Daiichi Sankyo turned over Ranbaxy's problems to Sun, now cashing in its stake

Sun Pharmaceutical Managing Director Dilip Shanghvi

Last year, Japan's Daiichi Sankyo gave up on trying to extract itself alone from the regulatory quagmire it has been mired in since buying Ranbaxy Laboratories in 2008. It agreed to a $3.2 billion all-stock deal with Sun Pharmaceutical in which it got a 9% stake in Sun and Sun got the responsibility for straightening out Ranbaxy's deep issues. But no sooner had the deal closed than Daiichi began running for the door, selling off the shares and perhaps picking up a bit of profit on the deal.

In a release Tuesday, Daiichi Sankyo said it had sold all of the shares it held in Sun. Reuters reports the stake was worth about $3.6 billion but Daiichi said it would report the financial impact later. No reason was given for selling off the shares, but its experience with Ranbaxy has been nonstop issues. Shortly after buying controlling interest in Ranbaxy in 2008 for $4.6 billion as a generics play, a whistleblower alerted the FDA to the fact that the drugmaker had been faking data. The regulator issued warning letters and a consent decree for two plants, banning them from selling products in the U.S. Ranbaxy paid $500 million in 2013 to settle litigation with the Justice Department.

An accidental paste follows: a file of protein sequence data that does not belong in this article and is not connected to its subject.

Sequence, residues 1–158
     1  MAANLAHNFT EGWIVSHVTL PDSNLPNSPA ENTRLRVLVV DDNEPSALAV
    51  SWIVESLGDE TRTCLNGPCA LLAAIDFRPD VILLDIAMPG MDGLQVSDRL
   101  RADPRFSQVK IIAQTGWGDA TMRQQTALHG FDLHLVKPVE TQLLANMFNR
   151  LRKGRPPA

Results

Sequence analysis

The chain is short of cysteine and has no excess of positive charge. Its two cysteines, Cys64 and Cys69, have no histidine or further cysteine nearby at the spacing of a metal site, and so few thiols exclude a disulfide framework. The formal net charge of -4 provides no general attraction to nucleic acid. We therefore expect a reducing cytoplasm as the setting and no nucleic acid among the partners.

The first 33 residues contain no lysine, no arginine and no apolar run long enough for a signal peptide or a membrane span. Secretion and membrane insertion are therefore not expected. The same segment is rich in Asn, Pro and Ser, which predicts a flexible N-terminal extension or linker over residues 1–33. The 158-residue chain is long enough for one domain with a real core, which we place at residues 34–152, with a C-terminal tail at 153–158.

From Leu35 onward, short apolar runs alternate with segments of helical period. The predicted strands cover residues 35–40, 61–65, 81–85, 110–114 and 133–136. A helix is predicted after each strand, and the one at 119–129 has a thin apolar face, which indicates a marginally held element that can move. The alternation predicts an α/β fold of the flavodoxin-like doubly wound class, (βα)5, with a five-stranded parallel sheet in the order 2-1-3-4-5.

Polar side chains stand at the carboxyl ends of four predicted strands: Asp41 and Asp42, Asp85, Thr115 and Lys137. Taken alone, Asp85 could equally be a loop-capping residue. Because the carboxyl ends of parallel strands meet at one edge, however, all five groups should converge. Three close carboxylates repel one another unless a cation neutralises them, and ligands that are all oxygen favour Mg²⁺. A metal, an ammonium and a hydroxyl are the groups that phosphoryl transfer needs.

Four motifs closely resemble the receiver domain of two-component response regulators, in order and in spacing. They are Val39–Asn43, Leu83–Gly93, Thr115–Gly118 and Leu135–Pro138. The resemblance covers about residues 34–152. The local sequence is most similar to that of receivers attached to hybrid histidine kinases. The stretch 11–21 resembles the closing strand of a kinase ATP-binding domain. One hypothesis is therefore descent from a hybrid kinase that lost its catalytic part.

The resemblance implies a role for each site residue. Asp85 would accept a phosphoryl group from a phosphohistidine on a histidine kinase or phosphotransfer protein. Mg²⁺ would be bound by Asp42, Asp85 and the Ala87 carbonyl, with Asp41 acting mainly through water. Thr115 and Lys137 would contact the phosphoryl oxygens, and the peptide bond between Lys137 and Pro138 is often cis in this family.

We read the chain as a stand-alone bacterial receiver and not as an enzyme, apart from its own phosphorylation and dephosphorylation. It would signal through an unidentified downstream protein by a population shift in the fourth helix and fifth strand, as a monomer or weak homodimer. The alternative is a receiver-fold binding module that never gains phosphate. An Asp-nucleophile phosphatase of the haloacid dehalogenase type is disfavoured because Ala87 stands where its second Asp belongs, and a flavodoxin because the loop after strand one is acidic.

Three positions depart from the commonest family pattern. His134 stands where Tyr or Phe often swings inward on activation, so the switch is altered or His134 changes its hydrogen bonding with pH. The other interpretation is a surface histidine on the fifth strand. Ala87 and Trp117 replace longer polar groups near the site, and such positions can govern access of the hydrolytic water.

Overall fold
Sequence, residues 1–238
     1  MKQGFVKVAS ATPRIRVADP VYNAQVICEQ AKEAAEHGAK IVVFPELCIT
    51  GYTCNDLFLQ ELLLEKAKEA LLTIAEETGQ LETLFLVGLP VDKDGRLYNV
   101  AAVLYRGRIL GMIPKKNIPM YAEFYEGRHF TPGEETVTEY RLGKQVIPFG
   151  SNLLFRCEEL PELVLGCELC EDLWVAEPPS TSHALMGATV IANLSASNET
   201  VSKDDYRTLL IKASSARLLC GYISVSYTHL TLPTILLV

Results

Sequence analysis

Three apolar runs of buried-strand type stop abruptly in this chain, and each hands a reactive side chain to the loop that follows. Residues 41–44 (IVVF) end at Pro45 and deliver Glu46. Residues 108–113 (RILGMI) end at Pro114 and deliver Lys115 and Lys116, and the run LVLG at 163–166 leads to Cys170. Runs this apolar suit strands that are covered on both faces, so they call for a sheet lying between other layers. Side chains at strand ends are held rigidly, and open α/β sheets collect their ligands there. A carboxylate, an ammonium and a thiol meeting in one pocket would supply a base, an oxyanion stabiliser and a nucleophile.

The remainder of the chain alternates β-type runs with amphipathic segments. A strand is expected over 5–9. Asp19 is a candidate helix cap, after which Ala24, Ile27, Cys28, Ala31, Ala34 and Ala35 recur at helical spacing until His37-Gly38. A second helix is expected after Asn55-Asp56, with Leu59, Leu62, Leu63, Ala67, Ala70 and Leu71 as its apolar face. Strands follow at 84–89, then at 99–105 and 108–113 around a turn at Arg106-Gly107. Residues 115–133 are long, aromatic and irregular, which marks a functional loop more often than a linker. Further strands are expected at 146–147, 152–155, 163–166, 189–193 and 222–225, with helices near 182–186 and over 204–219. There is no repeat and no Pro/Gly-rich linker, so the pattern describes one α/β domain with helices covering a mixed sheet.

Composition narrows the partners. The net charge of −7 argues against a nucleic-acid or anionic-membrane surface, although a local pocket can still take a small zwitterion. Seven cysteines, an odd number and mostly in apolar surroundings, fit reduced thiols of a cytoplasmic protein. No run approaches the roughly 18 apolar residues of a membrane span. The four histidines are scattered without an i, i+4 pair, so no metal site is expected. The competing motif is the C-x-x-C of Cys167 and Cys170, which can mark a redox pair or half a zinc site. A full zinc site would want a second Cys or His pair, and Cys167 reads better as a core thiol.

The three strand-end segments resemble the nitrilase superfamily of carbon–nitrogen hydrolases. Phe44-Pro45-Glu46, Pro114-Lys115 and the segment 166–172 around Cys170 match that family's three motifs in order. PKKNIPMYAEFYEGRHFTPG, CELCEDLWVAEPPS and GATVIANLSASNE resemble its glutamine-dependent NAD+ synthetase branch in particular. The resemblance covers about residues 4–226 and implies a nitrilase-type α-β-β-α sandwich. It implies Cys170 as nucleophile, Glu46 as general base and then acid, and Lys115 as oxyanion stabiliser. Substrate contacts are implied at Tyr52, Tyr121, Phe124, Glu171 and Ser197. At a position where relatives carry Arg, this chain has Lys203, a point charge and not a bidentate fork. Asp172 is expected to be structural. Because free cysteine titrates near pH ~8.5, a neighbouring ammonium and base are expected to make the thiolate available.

Ranbaxy had a good run with getting first-to-file applications approved for some of the world's best-selling blockbusters when they went off patent, like Pfizer's ($PFE) Lipitor, Novartis' ($NVS) heart drug Diovan and AstraZeneca's ($AZN) heartburn blockbuster Nexium. But then its regulatory problems got worse, complicating the launch of each of those drugs. It had to recall some of its generic Lipitor and delay by nearly two years the launch of Diovan, and the FDA finally canceled its application to sell generic Nexium because of the issues. It also left Ranbaxy with just one facility in the U.S. still able to sell drugs into the U.S., its largest market.

Last year, it agreed to the deal with Sun, selling Ranbaxy at a loss and becoming Sun's largest shareholder, turning over Ranbaxy's deep problems to Sun. Sun's founder and managing director, Dilip Shanghvi, has pledged that his first priority is to get Ranbaxy's regulatory issues resolved. When the deal closed, he said: "As a company our most important focus will be to win the confidence of regulators. We will do whatever it takes to win back the confidence of the regulators, so they trust what we do and they trust what we say."

- here's the release
- read the Reuters story

Special Report: Pharma's top 10 M&A deals of 2014 - Sun Pharmaceutical/Ranbaxy Laboratories

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